Issue 88: January/February 2012
by Tim Delaney
Mary Midgley wins Philosophy Now award • Philosophers & physicists discuss particles • Mixed-up monkeys ‘better than mice’ — News reports by Sue Roberts
Tim Delaney foresees five threats to sustaining global civilization.
Jim Moran explains why saving the planet will be an uphill struggle.
Tim Madigan asks, what is the right attitude to take to all life?
Kevin Gibson wants to revise an influential way of thinking about sustainability.
Toni Vogel Carey considers Sir Isaac Newton’s most (in)famous remark.
Russell Berg gives us a brief philosophical tour of the history of scientific theorising.
Stephen Anderson asks what we mean when we ask if existence has a meaning.
Ben Adams wants to humanise history.
Alistair MacFarlane observes the logic of Karl Popper’s discoveries.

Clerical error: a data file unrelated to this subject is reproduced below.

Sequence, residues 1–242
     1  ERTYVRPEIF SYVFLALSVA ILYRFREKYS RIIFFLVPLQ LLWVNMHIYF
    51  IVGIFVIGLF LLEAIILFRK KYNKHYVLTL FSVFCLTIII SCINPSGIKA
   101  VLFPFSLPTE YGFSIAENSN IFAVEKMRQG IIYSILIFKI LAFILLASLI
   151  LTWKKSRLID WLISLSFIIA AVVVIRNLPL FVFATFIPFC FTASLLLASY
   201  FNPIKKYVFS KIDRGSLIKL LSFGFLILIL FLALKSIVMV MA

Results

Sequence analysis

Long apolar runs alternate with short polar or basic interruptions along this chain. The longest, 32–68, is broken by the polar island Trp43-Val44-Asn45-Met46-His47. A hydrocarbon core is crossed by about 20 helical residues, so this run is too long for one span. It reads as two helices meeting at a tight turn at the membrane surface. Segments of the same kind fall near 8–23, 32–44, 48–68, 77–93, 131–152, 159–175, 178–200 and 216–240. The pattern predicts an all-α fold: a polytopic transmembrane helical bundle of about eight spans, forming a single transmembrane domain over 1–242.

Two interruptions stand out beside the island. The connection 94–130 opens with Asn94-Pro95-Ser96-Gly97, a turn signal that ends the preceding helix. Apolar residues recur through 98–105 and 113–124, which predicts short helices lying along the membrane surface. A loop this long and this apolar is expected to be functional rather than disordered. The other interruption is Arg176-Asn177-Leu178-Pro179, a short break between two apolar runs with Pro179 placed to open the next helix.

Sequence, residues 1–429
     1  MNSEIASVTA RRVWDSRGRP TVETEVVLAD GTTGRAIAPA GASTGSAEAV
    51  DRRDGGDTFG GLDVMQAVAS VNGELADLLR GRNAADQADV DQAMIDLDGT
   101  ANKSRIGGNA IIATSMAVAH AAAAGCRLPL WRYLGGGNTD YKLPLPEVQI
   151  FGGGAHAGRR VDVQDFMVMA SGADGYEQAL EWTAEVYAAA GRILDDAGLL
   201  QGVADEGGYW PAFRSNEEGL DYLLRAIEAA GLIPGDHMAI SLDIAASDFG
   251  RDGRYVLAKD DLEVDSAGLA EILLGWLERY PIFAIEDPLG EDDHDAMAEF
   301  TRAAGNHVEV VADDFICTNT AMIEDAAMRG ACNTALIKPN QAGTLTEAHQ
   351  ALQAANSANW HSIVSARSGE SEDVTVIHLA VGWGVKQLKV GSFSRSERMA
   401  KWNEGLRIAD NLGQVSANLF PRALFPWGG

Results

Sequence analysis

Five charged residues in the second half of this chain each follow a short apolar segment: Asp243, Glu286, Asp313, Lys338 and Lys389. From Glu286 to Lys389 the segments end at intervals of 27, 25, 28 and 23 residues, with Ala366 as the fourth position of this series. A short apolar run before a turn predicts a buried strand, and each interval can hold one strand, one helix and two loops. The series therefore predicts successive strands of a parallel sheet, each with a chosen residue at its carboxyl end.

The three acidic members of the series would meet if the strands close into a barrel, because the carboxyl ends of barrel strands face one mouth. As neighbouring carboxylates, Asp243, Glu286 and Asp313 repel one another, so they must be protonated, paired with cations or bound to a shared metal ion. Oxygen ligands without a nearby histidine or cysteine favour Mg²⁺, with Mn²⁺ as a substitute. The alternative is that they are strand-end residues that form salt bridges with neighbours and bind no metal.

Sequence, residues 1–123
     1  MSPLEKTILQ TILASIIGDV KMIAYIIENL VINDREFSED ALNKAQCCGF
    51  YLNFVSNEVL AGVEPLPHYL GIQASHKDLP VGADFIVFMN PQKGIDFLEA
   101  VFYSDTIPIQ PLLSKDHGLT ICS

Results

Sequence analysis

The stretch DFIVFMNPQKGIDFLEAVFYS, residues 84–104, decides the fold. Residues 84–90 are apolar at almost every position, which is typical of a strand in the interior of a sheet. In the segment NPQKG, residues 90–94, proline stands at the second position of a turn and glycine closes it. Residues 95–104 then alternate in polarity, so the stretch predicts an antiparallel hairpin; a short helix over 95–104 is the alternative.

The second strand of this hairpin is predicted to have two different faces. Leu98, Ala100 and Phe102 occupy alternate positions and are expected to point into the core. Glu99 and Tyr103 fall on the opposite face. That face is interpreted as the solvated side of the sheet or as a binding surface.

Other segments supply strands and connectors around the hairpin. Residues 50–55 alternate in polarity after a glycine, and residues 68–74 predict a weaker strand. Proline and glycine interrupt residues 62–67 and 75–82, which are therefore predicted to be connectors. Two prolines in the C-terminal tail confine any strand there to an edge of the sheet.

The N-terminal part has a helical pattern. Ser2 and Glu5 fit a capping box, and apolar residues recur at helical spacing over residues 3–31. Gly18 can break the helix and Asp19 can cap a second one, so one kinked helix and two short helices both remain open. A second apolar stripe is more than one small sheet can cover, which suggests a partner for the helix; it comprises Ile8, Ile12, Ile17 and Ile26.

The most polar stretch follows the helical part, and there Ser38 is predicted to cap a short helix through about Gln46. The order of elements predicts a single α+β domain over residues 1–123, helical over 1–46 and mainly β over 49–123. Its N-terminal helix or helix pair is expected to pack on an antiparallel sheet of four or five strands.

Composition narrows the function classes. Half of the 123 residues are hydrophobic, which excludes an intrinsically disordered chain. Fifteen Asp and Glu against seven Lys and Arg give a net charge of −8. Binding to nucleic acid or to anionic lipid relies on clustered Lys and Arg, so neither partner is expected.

The following answers to this central human question each win a random book.
Our very last lattice of logico-linguistic loopiness by Deiradiotes.
Thoughtful Responses • Save The Species • The Trolley Debate Rolls Forward • On And On And On With God • Points of Cosmic Order • Delightfully Disconnected
by Joel Marks
Our philosophical science correspondent Massimo Pigliucci finds himself deep in it.
Raymond Tallis replies to Joel Marks.
Daryn Green is of one mind (almost) with Raymond Tallis.
David Fraser examines the validity of Jennifer Lackey’s testimony.
Heather Rivera dreams up a film review. Or does she?
Peter Colbourne tells us a tale of lost philosophers.
by Roger Caldwell